# Integral e^x.(lnx)dx=?

1. Aug 17, 2008

### sumerman

i have tried some methods like uv - integral vdu but can't reach the answer

2. Aug 17, 2008

### arildno

You won't be able to do it.

3. Aug 17, 2008

4. Jul 3, 2010

### tony.c.tan

Try to take the derivative of this with respect to $x$, and see what do you get:

$$e^x\left[\ln x-\sum_{i=1}^{\infty}(i-1)!x^{-i}\right]$$

Last edited: Jul 3, 2010
5. Jul 3, 2010

cute.

6. Jul 3, 2010

### arildno

Supercool!

Would you show what techniques are useful to get that anti-derivative?

7. Jul 3, 2010

### g_edgar

Woh! a series that diverges for every x ... what a useful answer ...

8. Jul 4, 2010

### arildno

Yeah, i noticed that after a while...

It MIGHT be, that the formula CAN be used, with extreme caution, since we will mainly use differences between two "values" of the anti-derivative. Thos difference might be convergent, even though both terms are not.

But, then again, a numerical integration scheme might do equally well...

Last edited: Jul 4, 2010
9. Jun 25, 2012

### norice4u

apologize for my ignorance but what is that process called and the Sigma looking symbol? I am an Yr 12 student currently doing VCE and studying specialist math and is just stumped on an equation hoping to find an answer in here.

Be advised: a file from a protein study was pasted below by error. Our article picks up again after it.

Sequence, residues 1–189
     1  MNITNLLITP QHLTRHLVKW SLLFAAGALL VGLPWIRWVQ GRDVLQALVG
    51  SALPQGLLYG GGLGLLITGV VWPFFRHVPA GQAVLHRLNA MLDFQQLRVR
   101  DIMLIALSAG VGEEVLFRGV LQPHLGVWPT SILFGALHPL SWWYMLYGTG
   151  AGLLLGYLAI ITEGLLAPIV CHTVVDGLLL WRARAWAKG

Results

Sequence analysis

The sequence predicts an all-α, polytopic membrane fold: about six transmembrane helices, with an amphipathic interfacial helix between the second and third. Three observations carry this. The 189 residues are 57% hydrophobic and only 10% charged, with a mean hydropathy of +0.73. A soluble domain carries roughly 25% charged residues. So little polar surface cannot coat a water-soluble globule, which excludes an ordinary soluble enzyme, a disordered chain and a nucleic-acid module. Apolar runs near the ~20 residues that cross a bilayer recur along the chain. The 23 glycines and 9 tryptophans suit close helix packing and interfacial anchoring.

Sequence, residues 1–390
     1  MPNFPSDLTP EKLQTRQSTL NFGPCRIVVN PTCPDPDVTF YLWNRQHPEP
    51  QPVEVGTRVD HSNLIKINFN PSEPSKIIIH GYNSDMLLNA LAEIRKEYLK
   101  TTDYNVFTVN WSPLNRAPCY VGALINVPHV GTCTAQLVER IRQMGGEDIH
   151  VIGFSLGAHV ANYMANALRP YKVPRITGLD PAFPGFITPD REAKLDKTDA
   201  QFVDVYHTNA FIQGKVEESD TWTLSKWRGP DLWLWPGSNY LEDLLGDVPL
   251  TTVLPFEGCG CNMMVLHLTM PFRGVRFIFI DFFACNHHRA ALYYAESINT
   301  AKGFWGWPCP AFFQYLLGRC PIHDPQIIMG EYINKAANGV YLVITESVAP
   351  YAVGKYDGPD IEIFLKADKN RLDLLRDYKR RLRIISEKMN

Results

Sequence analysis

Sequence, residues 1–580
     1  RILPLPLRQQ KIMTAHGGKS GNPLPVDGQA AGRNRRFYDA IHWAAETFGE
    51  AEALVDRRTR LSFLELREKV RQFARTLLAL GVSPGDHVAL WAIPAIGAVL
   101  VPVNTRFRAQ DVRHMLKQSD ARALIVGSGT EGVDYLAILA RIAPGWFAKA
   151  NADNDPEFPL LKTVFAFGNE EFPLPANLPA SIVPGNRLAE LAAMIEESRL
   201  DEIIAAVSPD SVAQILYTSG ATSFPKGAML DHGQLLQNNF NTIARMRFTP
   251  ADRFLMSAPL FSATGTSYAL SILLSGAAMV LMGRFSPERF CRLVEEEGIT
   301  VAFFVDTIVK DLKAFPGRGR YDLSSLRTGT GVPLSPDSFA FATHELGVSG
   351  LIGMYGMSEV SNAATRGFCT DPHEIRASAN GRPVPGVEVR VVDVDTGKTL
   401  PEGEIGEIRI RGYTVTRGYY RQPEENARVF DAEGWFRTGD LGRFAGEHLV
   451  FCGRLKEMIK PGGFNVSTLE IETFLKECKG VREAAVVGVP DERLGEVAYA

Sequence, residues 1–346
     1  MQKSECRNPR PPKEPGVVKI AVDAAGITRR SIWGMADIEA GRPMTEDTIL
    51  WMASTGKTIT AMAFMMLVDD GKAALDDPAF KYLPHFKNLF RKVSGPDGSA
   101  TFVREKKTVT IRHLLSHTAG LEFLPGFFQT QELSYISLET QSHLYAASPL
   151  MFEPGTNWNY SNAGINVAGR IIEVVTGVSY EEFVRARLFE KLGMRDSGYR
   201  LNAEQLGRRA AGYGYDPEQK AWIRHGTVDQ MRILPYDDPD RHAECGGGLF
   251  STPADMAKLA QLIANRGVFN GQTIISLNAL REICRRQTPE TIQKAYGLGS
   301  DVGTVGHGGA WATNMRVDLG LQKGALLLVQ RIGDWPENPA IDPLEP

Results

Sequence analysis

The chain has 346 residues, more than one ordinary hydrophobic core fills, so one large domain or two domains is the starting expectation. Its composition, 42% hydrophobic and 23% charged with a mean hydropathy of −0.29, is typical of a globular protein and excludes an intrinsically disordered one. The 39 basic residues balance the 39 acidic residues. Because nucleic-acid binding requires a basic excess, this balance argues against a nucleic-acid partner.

NB: excuse me for fail to type with mathematic symbol
Anti-Differentiate x^x=?

But really i am asking how to anti-differentiate x^x(lnx+1) which comes from the derivative of y=x^x
Because out of curiosity i always hold the belief in math if there is a forward operation there should be a backwards operation so if i can differentiate x^x to get that ugly function to anti-differentitate what operations would i have to undergo.

Thanks for the trouble of reading this passage.

10. Jun 25, 2012

### micromass

Staff Emeritus

The Sigma symbol is the summation symbol. It's just the shorthand for a sum. For example

$$\sum_{i=1}^3 i^2= 1^2+2^2+3^2$$

Of course, things like $\sum_{i=1}^{+\infty}$ can not be defined as such since the sum would be infinite. Infinite sums are called series in mathematics and have a very big underlying theory.

This function certainly has an anti-derivative, but it can not be written in terms of elementary functions. Most functions do not have elementary anti-derivatives.

This integral can be solved by an easy substitution.

The "backwards operation" of differentiation is called integration. But integration is much more harder. Where differentiation has nice algorithms which can be used to differentiate all nice functions, the same is not true for integration. Most integrals are not easy to solve.

Anyway, I am locking this thread. Please make a new thread if you have further questions.